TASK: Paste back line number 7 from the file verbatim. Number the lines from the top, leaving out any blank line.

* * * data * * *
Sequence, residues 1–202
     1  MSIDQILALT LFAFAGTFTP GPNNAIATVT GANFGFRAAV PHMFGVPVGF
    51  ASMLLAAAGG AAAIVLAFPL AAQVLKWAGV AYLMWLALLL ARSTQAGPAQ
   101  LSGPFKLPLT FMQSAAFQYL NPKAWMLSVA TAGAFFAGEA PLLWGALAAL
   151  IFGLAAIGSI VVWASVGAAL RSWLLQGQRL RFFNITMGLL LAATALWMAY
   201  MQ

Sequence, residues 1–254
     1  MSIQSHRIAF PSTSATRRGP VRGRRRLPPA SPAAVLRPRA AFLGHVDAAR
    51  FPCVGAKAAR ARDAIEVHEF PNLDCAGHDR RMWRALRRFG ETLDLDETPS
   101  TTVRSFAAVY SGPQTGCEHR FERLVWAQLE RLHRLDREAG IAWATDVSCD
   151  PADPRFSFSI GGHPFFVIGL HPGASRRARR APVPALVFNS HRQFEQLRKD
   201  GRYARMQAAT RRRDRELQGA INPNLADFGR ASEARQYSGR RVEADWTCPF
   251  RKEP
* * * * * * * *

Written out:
Sequence, residues 1–254